Teacher bangs a student against the wall,
Four cops bang up a kid while he's handcuffed.
Teacher charged with felony, cops charged with misdemeanors.
Answer to assault case riddle: It's the law
By RICK CASEY
June 24, 2010, 9:28PM
Here is the question of the week: Why is it a felony when a teacher assaults a kid and a misdemeanor when police officers do?
Monday, a teacher at a charter school in North Harris County was charged with injury to a child, a 13-year-old boy, a third-degree felony carrying a potential prison sentence of 10 years.
The charter school's superintendent and its principal were charged with failure to report child abuse, a Class A misdemeanor that can result in a maximum of one year in jail.
Two days later, four Houston police officers who allegedly beat a 15-year-old boy after he surrendered and was handcuffed were indicted on charges of "official oppression," a Class A misdemeanor on the same level with the school officials' failure to report the child abuse.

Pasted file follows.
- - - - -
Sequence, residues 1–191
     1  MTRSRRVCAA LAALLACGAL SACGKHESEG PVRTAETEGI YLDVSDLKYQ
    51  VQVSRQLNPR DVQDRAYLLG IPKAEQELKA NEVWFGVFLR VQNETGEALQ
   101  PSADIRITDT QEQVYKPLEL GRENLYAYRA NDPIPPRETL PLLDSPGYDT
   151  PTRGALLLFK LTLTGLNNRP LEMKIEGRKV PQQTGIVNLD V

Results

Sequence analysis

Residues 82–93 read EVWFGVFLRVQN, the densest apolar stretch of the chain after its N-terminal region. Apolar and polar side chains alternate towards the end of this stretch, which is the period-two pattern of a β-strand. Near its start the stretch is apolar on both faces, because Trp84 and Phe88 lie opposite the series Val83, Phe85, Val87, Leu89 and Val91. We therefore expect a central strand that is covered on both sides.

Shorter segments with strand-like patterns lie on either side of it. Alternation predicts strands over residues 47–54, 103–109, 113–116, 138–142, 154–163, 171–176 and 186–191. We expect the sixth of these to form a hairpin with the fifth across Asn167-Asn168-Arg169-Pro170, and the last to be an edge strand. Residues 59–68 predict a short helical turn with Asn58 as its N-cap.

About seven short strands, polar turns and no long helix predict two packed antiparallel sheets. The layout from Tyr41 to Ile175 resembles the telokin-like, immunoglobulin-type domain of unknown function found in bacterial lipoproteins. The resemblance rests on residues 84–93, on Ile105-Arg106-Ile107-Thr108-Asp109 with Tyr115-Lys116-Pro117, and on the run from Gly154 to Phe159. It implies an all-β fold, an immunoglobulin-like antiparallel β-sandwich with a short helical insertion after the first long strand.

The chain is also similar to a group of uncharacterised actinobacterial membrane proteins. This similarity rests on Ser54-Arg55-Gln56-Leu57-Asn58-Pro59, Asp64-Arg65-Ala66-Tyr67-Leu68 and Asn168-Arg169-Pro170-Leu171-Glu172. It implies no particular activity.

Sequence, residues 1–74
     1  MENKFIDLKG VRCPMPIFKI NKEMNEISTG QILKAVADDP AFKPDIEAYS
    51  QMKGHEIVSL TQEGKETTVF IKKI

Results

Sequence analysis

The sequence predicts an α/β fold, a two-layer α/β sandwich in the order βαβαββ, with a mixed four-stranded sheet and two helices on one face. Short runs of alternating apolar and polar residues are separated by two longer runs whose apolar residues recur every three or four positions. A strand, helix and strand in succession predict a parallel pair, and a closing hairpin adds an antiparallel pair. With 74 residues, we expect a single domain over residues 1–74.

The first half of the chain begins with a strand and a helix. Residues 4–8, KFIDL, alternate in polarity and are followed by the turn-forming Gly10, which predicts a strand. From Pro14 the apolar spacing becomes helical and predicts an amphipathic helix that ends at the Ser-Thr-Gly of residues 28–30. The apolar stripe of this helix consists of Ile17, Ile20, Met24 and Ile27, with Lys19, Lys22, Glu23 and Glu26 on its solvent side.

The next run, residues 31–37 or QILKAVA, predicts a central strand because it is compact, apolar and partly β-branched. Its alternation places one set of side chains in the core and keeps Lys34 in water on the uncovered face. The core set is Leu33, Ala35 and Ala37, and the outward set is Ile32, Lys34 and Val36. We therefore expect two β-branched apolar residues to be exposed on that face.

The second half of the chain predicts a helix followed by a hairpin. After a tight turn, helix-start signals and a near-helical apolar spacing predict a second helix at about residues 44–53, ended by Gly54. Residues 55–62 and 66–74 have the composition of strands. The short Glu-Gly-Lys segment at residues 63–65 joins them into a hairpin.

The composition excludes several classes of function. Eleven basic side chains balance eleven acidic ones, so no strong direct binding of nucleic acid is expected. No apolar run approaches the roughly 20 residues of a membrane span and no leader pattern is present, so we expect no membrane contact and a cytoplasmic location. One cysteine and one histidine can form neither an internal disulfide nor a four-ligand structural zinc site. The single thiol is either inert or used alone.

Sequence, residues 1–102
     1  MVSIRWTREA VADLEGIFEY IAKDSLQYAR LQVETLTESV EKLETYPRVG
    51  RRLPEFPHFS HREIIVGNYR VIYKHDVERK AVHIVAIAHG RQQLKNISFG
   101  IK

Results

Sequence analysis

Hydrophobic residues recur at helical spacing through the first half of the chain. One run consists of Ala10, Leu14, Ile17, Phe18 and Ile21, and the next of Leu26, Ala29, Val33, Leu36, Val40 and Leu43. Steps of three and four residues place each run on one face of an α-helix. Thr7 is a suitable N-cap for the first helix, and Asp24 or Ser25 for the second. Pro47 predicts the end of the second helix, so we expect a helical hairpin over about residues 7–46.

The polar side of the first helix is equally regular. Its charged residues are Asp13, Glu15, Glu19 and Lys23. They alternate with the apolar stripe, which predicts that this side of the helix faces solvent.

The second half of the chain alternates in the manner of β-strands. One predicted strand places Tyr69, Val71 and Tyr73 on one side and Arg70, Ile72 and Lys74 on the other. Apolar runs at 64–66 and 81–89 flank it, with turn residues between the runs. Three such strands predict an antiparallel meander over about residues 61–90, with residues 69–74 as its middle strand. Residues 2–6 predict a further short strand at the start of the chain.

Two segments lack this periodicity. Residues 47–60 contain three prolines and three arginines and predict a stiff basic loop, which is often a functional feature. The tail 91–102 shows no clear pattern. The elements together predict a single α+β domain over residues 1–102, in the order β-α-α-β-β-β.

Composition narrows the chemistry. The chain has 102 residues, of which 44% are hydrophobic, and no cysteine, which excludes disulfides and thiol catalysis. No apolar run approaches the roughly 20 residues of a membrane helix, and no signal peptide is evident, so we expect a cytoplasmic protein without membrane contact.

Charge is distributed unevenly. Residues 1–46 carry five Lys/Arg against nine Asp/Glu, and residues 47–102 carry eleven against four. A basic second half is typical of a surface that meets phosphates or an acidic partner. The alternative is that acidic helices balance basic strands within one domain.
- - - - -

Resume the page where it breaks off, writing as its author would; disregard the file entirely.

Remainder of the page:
Both incidents were caught on tape. The public has seen the tape of the teacher in which she kicked and punched the child and appeared briefly to bang his head against a wall. The tape of the officers has not been released, but those who have seen it, including the mayor, describe it as very disturbing.
Did the teacher get a felony charge because her assault was more brutal? Actually, the boy she beat suffered bruises but did not require medical treatment.
The boy beaten by the police officers was hospitalized with multiple contusions and a large laceration on his face. (Early reports that his nose was broken were wrong.)
No, there is another reason that the teacher was charged with a felony and the officers with a misdemeanor.
It's the law.
.... (punchline explained) ...